One day, many years ago, I noticed a bald spot in the back of my head—right in the center. When I saw it, I began to panic because I thought I had alopecia, which runs in my family. I pictured myself almost bald, and I began to cry. I was on the floor crying and praying when I heard a small, still voice deep within lovingly say that my hair would not fall out, but it would grow back healthy if I would begin to take good care of it by not processing it with chemicals and, instead, doing all I could to nurture, nourish, and protect it, as well as my entire body. I heeded the wisdom. I stopped processing my hair, and started taking baby steps toward natural hair styles. It’s been over a decade since I’ve made that decision, and I haven’t looked back since. I slowly but surely began the journey, researching and experimenting with foods, drinks, nutrients, vitamins, and all kinds of natural products that were better for my hair and skin—my entire body.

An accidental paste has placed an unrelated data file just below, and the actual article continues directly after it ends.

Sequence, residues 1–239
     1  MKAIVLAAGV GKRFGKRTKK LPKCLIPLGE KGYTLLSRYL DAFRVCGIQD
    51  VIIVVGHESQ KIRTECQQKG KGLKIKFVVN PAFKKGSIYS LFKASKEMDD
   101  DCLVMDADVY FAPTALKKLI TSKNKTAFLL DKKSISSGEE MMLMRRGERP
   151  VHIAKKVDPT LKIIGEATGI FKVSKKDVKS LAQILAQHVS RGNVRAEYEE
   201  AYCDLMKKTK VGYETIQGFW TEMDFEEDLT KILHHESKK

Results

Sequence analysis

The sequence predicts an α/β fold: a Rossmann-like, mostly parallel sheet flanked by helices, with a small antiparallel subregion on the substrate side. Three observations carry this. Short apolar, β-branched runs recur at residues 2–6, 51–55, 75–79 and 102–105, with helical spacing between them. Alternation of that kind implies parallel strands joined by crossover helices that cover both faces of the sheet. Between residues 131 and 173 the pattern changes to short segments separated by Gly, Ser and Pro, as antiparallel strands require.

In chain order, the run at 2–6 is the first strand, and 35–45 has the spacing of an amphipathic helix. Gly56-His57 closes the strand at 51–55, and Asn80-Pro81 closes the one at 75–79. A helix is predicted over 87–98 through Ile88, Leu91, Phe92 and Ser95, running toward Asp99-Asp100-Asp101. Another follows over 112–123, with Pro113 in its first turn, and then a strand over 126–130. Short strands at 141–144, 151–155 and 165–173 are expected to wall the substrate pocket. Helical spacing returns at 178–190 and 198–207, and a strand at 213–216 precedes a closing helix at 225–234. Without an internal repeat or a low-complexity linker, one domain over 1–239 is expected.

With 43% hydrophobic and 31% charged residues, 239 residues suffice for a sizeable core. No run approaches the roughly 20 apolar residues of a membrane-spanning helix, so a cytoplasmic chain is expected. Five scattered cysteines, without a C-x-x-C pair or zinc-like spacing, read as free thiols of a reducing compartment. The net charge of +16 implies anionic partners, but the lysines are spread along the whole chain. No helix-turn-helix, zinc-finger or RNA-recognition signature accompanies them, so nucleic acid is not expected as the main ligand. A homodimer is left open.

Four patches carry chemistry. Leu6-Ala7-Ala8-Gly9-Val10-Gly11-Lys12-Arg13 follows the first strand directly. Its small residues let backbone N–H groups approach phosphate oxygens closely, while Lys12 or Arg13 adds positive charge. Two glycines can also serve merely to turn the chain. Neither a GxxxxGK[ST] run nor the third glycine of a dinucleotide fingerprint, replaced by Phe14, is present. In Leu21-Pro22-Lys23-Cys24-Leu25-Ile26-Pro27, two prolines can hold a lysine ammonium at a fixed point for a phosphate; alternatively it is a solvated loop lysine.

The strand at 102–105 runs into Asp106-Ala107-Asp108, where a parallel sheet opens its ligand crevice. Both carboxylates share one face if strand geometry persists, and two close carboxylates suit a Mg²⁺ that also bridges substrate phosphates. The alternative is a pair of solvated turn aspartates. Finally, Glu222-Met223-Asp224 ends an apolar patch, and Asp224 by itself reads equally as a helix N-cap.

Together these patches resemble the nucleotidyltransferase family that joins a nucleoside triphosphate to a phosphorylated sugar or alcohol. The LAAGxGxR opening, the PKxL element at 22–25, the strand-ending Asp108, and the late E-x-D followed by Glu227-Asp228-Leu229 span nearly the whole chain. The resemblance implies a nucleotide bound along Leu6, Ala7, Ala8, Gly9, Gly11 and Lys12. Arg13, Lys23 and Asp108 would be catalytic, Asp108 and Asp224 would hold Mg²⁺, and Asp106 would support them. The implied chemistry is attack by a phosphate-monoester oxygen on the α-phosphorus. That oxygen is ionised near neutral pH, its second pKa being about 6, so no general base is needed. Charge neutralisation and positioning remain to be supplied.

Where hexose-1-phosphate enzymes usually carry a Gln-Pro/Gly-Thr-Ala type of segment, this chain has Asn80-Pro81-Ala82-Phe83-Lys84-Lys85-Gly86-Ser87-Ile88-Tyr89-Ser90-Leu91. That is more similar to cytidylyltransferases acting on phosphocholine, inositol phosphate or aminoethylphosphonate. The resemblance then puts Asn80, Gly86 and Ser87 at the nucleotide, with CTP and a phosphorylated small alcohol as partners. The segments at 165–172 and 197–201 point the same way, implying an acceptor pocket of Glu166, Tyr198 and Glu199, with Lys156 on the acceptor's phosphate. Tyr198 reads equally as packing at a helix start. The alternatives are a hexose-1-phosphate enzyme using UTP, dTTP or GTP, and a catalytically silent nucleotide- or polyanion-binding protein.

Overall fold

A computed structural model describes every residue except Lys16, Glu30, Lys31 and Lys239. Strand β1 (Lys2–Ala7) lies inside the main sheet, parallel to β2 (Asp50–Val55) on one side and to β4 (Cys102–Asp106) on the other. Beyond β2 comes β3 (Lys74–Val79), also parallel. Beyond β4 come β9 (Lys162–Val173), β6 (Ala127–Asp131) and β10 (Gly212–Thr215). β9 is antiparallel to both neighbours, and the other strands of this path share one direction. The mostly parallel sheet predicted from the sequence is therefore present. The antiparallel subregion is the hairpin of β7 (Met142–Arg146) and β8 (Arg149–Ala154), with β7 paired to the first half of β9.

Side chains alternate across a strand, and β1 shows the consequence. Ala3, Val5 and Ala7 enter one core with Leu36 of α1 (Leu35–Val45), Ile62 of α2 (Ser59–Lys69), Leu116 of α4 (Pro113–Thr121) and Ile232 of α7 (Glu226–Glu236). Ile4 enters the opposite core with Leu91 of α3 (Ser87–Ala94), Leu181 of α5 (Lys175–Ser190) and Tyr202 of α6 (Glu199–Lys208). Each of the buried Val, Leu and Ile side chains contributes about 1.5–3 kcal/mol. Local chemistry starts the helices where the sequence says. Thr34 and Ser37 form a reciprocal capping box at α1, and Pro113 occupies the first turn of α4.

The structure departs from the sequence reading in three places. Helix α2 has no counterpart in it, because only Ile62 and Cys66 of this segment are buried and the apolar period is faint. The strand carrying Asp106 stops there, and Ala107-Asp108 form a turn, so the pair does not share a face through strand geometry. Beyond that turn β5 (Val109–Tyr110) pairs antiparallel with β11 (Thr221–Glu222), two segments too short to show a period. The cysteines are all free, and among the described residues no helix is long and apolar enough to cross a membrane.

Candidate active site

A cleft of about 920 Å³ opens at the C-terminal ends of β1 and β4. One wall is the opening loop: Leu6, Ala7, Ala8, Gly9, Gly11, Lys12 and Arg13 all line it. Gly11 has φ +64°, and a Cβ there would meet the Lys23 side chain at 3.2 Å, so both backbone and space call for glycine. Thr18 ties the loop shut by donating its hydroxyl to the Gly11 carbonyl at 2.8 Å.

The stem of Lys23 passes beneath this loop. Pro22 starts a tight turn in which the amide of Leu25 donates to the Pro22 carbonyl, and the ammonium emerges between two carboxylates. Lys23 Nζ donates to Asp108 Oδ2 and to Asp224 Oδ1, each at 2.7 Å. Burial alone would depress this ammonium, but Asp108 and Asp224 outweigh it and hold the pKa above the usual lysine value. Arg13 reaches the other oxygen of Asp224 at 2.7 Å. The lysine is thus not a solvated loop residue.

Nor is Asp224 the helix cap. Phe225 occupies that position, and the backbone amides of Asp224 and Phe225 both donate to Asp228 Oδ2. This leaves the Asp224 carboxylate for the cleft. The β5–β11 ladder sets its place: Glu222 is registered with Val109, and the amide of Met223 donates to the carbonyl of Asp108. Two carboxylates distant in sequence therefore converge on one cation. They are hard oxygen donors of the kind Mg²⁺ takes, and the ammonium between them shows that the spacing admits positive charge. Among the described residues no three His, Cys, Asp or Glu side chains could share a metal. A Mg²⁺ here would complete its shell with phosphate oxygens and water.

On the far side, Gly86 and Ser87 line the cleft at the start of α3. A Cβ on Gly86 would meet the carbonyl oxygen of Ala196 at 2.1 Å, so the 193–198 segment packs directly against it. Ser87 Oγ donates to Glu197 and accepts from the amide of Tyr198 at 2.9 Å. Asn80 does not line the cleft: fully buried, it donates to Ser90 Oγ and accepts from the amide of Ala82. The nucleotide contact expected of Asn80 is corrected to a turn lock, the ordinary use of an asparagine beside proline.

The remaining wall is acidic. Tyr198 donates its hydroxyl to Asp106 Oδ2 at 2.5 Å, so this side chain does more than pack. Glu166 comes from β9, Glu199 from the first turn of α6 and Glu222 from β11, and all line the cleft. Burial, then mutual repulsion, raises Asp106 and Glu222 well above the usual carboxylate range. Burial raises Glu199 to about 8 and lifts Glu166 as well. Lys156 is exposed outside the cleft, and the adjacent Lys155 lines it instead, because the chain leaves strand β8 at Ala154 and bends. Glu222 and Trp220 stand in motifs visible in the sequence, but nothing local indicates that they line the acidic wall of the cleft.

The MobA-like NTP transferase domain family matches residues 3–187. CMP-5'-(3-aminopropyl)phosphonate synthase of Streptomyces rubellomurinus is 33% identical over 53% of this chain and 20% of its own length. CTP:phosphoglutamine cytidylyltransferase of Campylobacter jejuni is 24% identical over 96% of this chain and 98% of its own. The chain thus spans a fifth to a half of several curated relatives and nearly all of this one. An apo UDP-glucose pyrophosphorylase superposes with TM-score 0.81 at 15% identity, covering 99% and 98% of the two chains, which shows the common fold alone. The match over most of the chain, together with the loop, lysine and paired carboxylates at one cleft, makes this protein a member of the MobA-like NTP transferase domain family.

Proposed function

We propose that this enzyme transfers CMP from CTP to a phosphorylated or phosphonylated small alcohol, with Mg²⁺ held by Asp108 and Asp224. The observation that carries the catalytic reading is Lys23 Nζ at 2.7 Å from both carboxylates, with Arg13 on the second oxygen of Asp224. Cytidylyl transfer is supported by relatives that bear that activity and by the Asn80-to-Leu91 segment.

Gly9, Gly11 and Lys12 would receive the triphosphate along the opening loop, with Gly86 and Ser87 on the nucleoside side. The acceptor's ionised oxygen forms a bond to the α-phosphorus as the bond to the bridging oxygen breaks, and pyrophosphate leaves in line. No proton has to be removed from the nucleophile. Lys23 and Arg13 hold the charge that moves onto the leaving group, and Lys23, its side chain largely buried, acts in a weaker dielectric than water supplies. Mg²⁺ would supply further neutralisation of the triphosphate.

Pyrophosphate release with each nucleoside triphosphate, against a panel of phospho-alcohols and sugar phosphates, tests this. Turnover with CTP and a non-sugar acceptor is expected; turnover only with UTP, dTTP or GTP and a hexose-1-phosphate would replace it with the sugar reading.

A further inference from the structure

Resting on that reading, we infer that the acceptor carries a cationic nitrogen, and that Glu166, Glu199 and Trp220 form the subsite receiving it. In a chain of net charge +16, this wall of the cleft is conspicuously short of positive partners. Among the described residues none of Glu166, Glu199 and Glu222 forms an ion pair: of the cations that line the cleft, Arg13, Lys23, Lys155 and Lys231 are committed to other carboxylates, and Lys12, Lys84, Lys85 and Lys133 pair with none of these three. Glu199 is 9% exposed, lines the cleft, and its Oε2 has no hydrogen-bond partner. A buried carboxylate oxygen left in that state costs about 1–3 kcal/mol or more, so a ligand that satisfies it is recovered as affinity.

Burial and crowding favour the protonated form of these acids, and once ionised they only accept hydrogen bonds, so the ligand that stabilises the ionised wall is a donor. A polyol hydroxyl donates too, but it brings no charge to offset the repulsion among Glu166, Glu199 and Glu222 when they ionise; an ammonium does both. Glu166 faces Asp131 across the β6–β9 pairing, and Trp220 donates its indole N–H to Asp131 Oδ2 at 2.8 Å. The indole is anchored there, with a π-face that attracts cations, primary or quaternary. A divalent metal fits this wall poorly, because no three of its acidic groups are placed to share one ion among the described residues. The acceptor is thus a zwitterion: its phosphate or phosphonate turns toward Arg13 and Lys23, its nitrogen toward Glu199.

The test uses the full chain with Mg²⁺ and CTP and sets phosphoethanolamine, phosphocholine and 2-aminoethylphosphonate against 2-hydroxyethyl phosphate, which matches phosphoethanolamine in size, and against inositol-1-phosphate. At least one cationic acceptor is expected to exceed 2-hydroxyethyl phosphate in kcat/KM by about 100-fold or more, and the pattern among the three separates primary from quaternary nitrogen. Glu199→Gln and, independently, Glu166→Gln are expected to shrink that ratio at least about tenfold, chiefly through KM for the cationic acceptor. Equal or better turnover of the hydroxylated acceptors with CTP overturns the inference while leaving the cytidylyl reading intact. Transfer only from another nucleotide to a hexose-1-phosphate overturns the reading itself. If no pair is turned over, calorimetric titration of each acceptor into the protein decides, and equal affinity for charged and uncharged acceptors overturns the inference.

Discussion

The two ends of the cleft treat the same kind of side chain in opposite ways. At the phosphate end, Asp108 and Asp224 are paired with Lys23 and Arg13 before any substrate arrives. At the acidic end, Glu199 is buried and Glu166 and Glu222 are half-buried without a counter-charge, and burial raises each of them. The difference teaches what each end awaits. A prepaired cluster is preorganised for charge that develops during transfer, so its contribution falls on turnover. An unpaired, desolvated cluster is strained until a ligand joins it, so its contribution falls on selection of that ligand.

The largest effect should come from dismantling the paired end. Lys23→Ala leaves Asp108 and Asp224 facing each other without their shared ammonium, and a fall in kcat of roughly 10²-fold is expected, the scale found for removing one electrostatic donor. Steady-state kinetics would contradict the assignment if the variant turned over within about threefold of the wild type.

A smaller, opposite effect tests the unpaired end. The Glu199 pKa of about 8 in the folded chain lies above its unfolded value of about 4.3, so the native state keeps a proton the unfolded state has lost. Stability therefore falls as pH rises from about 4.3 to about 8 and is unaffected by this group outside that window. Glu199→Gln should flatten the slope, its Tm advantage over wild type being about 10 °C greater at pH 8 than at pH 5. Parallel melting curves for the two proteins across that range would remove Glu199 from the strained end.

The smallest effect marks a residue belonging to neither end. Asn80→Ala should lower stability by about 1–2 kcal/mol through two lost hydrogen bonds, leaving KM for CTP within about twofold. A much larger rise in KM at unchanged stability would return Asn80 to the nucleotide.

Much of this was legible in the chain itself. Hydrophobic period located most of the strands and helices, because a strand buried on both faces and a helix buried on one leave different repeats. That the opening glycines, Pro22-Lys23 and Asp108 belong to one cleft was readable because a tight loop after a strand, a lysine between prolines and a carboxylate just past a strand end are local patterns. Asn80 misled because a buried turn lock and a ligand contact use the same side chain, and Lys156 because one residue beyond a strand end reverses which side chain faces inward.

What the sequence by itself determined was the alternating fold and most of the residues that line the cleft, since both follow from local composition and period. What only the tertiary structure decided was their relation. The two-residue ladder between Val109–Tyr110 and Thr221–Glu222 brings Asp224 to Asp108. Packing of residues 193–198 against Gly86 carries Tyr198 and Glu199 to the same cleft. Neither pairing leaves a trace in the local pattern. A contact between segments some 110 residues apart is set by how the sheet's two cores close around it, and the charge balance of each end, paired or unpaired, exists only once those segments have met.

Eventually, my hair grew back thick and full, and even my eating habits improved. My eating habits and fitness were fine, but they could stand a lot of improvement. For example, I ate way too much sugar. I didn’t really eat enough organic fruits and vegetables. I didn’t get enough water in a day, and I didn’t get enough sleep. When I realized I needed to make a change with my hair, I decided I wanted to completely makeover my entire health. However, I had to first decide that I was worth the sacrifice it would take for me to maintain a truly healthy lifestyle. It’s insane how sometimes I have to be reminded to take care of myself! I will get so caught up in taking care of others that I forget about myself completely. I heard another friend of mine say she constantly does the same thing. If we don’t take care of ourselves, we won’t be around to take care of those we love!  Therefore, if a woman decides to have a self care program, it should never be considered selfish: a consistent self-care program is vital. In the worst cases, a good self-care program could be the difference between life and death. According to Healthline, “Heart disease is responsible for about 325,000 adult deaths in the United States each year. . . and a disproportionate number of them are black women.”